thumbnailFigure 1. Structure of the primary cilium. The core structure of primary cilia is composed of microtubule bundles (ciliary axoneme) extending from the basal body, a microtubule-based structure derived from the mother centriole. The ciliary membrane is continuous with the plasma membrane, but contains a unique protein composition, such as channels and receptors. Thus, primary cilia can function as a sensory organelle for receiving and transducing extracellular stimuli into cells, such as fluid flow or via signaling molecules. The inset image is of ciliated murine inner medullary collecting duct (IMCD3) cells in which the basal body is labeled with a γ-tubulin antibody (red) and the primary cilium is marked by an Ift88 antibody (green).

Primary cilia are enriched with receptors and provide a separate highly regulated compartment in which signaling events are conveyed from the extracellular space into the cell. Sensing the extracellular environment is a major function of primary cilia. For instance, the ciliated cells of the retina (photoreceptors) and the olfactory system (olfactory sensory neurons) receive and transduce the stimuli of light and odorants to the cells, respectively [17,18]. Primary cilia on the epithelial cells of kidney tubules act as mechanosensors for sensing fluid flow resulting in increased intracellular calcium signaling [19-21].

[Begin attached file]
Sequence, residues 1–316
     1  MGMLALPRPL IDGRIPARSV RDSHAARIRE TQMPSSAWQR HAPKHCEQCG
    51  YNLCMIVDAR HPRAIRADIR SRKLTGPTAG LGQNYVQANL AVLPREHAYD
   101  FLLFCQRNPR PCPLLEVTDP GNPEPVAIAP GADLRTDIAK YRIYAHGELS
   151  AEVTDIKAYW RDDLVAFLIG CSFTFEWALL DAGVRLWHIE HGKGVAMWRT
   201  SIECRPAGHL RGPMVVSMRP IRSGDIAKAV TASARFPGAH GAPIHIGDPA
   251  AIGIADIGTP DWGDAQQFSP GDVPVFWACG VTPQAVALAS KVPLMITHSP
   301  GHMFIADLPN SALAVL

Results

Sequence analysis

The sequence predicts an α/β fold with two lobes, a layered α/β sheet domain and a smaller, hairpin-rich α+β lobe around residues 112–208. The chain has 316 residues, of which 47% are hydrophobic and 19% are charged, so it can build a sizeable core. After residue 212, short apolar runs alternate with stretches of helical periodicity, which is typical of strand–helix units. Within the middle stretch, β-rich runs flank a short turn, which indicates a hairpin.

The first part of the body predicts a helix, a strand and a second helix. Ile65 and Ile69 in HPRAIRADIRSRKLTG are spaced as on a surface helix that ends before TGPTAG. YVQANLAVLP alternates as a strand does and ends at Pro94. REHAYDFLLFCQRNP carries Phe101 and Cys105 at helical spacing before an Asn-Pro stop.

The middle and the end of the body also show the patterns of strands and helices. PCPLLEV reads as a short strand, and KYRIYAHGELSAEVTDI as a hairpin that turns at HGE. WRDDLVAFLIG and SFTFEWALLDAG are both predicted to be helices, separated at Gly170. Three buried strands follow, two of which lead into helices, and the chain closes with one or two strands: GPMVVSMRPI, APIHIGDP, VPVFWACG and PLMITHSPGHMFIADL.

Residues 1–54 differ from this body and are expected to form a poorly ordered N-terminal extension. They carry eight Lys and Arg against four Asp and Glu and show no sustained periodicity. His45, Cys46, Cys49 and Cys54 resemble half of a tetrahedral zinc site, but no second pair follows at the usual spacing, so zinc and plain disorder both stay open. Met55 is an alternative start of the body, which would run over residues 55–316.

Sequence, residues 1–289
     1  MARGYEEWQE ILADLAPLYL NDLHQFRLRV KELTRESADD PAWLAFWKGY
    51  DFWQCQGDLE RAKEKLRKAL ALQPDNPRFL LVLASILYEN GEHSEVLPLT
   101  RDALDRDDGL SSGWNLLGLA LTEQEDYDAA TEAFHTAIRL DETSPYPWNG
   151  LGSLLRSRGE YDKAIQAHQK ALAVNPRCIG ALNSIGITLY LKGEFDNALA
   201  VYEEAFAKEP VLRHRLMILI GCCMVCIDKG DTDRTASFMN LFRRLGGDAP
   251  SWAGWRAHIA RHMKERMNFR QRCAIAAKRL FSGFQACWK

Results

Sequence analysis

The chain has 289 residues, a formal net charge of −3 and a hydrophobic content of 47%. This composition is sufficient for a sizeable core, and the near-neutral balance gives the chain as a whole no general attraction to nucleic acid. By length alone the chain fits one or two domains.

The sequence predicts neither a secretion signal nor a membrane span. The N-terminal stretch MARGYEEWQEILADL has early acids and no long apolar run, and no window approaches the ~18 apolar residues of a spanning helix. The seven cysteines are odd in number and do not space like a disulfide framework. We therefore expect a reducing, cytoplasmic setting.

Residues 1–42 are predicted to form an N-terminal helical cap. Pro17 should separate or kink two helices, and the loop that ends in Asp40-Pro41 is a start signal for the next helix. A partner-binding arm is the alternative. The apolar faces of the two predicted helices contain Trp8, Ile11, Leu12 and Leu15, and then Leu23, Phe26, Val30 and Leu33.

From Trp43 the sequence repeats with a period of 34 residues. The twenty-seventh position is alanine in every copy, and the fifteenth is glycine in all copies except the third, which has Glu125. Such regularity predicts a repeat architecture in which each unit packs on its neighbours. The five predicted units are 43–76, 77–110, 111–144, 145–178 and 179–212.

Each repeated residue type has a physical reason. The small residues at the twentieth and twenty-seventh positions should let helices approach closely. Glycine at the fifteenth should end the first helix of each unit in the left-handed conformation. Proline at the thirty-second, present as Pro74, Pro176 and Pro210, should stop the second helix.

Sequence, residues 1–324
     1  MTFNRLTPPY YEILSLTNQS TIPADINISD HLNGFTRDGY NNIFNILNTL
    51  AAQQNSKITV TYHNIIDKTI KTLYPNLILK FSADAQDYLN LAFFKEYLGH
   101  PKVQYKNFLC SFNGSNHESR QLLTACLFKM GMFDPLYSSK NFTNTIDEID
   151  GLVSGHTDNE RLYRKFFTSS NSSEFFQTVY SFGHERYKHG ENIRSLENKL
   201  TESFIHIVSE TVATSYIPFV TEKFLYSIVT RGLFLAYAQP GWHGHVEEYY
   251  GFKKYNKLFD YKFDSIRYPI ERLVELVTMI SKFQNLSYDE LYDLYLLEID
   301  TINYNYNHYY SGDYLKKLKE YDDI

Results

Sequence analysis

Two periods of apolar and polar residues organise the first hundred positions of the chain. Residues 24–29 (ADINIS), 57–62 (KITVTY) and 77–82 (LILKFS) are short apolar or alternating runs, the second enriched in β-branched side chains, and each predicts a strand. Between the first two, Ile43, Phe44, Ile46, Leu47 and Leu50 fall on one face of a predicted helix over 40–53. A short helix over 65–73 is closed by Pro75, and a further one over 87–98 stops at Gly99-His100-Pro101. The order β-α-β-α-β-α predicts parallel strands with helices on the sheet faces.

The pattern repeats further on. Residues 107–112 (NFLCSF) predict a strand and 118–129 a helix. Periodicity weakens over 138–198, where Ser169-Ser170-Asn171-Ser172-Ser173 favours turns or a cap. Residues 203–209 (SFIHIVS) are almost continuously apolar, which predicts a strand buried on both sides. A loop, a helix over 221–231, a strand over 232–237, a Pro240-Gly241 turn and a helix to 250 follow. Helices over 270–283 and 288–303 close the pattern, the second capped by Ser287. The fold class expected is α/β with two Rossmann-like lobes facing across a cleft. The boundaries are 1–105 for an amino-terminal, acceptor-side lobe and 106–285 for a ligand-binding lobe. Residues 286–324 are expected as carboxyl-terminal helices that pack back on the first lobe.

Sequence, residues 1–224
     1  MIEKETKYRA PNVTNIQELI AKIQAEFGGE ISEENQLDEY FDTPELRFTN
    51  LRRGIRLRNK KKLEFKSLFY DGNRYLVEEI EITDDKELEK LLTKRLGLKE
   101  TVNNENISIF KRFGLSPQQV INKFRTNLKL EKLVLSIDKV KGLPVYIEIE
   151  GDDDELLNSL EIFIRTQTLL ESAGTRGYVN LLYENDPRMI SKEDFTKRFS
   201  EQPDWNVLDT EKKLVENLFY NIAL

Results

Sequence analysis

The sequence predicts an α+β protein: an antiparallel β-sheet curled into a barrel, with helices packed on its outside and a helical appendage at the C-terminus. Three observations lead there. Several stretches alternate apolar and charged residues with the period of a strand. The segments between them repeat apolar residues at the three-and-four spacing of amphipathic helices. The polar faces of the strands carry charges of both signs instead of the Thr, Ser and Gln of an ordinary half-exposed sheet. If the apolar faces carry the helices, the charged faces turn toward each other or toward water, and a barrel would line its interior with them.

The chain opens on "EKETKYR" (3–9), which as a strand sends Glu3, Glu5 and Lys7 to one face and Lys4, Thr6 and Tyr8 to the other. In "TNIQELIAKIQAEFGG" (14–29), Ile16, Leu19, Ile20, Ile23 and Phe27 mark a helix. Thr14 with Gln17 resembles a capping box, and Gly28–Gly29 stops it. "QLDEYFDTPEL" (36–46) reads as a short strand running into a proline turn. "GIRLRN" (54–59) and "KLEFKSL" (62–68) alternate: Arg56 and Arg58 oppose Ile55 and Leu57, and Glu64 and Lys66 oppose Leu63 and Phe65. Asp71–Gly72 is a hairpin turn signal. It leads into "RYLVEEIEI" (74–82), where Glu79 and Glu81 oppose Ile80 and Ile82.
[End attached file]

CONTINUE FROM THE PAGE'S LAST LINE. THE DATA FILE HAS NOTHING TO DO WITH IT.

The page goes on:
Recently, a vital role for primary cilia in signaling pathways important for embryonic development and tissue homeostasis has been identified. While the sonic hedgehog (Shh) pathway has been long known as a critical component of neural tube closure and organ patterning during embryonic development, it was only recently discovered that primary cilia are necessary for this signaling [2,6,22]. In mammalian cells when Shh is absent, the Shh receptor, Patched-1 (Ptch1), is localized at the base of the primary cilium and suppresses the activity of another transmembrane protein, Smoothened (Smo). Upon Shh stimulation, Smo is relieved from Ptch1 suppression and translocates to the primary cilium, while Ptch1 is removed from the primary cilium. This translocation of Smo to the primary cilium, after Shh stimulation, is required for activation of Shh-mediated downstream signaling [23-25].

Importantly, the integrity of the primary cilium and the proper functioning of the intraflagellar transport (IFT) system (the specialized transport system in the primary cilium) are both required for proper Shh signaling in mice [6,26]. For example, Ift172 deficient mouse embryos display abnormal brain development resulting from defects in cilia formation, consequently leading to reduced Shh signaling [27]. In addition to Shh signaling, primary cilia are also critical for Wnt signaling [3,28,29], calcium signaling [30,31], growth factor signaling [32-34], G-protein coupled receptor signaling [35,36], and receptor tyrosine kinase signaling [37]. Interestingly, the range of different types of signaling associated with cilia is ever expanding as more receptors and proteins are identified at the primary cilium. Although it is unclear why receptors are enriched at the primary cilium as compared to the plasma membrane or why signaling mechanisms are concentrated at the primary cilium, it is clear that this unique and separate cellular compartment makes primary cilia an unusual structure for receiving and transducing a variety of signals.